In the excellent (and recently revised/updated) book Soccernomics, the authors statistically show that, generally speaking, the amount players are paid has more bearing on a team’s success than who manages the team. So if you have a manager the players trust, who is strategically competent, and a good ambassador for the club, you might as well stick with him. Save the big bucks for your players rather than blowing it on a ritzy-name manager.
The challenge for Di Matteo next season will be incorporating new players and building for the future, while still satisfying the fans’ (and owner’s) hunger to win. Another potential challenge will be maintaining the team’s drive after already winning the biggest club prize in world soccer. But as anyone who followed Chelsea last season knows, despite winning the Champions League, there is plenty of room for improvement!
What do you think of Di Matteo’s appointment as Chelsea manager?
Andre Villas-Boas gets fired after 1 – 0 loss to West Brom
I have mixed feelings about AVB’s canning on Sunday. On one hand, I generally liked the guy. I liked his passion on the sideline. I liked the way he took the job with gusto last summer and the way he sometimes blamed himself in the press when results were less than rosy. But at the same time, something is seriously awry at Chelsea FC this season. It makes one nostalgic for the mere “dip” in form last season that saw Chelsea finish second in the league. Second! Hard to believe that was just last season. Are the Blues’ current problems AVB’s fault? Partially it seems, but impossible to know just how much without being inside the locker room and on the training pitch regularly with AVB and the squad.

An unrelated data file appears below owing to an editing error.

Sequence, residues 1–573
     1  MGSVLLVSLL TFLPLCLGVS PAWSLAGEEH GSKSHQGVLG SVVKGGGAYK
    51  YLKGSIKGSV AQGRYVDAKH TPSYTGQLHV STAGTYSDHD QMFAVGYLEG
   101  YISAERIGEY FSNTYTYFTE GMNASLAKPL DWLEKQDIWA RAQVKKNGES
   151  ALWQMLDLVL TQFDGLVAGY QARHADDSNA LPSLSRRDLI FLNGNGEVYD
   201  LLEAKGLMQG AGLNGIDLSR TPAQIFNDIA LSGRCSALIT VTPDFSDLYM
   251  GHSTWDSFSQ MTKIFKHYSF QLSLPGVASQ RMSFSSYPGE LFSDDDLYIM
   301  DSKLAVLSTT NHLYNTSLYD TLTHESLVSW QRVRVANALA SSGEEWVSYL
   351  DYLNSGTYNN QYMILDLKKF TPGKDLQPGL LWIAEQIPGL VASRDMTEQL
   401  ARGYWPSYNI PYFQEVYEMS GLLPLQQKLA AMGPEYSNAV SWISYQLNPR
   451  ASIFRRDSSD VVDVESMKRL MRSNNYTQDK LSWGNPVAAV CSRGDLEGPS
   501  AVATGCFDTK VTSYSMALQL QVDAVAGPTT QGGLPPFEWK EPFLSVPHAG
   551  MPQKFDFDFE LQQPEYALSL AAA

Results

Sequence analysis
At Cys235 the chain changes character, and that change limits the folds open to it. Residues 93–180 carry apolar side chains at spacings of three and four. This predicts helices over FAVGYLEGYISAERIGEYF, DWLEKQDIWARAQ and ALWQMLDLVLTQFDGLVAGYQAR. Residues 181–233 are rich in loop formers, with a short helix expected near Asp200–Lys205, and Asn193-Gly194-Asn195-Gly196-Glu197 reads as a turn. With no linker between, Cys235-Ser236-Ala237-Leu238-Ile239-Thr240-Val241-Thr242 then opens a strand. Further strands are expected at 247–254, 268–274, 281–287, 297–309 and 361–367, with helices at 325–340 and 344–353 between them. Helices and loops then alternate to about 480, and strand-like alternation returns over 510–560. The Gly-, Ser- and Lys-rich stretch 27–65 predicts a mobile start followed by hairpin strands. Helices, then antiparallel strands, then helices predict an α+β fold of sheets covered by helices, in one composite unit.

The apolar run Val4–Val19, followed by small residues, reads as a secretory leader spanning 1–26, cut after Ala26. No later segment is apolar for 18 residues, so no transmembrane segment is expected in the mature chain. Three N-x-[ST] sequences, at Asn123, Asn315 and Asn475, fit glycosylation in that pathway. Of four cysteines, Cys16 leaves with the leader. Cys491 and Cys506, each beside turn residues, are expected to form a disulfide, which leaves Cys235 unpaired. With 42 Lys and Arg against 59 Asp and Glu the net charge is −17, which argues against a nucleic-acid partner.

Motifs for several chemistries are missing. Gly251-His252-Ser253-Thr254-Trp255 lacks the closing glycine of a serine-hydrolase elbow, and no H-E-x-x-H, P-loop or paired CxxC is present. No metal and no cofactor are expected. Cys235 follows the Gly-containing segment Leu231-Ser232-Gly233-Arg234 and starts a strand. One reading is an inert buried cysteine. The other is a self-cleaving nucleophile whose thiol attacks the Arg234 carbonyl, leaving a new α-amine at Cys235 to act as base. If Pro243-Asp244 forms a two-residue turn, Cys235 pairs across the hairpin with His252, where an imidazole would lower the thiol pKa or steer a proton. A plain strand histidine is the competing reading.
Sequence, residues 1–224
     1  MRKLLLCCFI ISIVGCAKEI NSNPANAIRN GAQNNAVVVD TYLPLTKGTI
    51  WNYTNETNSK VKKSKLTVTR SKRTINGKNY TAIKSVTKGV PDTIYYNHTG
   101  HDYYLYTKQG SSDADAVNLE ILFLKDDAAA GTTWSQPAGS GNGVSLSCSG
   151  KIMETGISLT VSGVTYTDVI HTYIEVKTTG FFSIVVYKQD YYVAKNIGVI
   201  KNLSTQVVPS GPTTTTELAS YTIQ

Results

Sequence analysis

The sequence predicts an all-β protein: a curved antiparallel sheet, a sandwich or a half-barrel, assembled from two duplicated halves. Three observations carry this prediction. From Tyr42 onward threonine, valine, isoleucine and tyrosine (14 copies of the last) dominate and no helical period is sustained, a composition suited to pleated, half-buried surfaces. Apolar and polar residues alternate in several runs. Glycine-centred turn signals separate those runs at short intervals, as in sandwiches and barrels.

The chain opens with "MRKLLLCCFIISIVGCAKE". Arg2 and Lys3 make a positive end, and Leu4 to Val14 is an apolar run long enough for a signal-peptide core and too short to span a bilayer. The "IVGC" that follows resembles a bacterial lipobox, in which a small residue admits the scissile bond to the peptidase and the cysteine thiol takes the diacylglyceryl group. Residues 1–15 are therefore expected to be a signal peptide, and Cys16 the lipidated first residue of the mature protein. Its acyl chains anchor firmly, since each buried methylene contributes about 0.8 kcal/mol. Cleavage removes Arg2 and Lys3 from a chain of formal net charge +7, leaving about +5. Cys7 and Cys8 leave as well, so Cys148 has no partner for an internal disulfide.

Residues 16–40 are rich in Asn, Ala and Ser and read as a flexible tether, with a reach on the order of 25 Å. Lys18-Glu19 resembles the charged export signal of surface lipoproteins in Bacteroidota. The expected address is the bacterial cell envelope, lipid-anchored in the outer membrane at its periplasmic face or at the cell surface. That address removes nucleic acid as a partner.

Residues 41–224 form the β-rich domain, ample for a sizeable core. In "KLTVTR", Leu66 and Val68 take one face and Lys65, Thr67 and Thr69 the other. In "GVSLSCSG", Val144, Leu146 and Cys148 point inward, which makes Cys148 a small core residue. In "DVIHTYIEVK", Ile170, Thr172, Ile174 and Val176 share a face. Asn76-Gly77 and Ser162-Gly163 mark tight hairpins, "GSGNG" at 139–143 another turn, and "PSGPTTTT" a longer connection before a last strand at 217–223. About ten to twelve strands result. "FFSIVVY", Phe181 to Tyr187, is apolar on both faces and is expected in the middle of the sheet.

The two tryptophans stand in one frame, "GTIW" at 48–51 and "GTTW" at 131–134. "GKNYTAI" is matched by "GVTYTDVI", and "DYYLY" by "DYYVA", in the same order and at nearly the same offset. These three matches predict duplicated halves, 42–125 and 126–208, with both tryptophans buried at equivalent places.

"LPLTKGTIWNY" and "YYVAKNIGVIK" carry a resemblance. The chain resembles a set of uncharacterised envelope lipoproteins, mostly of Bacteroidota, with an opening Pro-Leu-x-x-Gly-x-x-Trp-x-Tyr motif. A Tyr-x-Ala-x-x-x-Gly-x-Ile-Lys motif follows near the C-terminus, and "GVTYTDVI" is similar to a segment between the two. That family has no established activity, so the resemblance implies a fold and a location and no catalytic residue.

Ultimately, I suppose, Chelsea fans have to trust that the CFC higher-ups are correctly aiming their blame, in which case showing AVB the door (even at this awkward point in the season) is a good thing for the club. Problem is, owner Roman Abramovich is completely trigger-happy when it comes to firing managers. Taking that into consideration, it seems quite possible AVB may not be entirely at fault for Chelsea’s current woes.
As I’ve mentioned here before, the managerial Ferris wheel at CFC is a real problem. The club must find a manager they’re willing to stick with for several years! The frustrating thing is I thought AVB was that manager when he was hired last summer. I though Abramovich had turned over a new leaf and was willing to reboot. Instead, think of all the millions that have been blown on managers the past several seasons! Imagine how many players could’ve been brought in with that cash instead! I thought firing Ancelotti last year was a mistake. Now it looks like a huge blunder. It’s hard to fathom why he was sacked after winning the Double and finishing second in the league last season. Makes this season look even bleaker!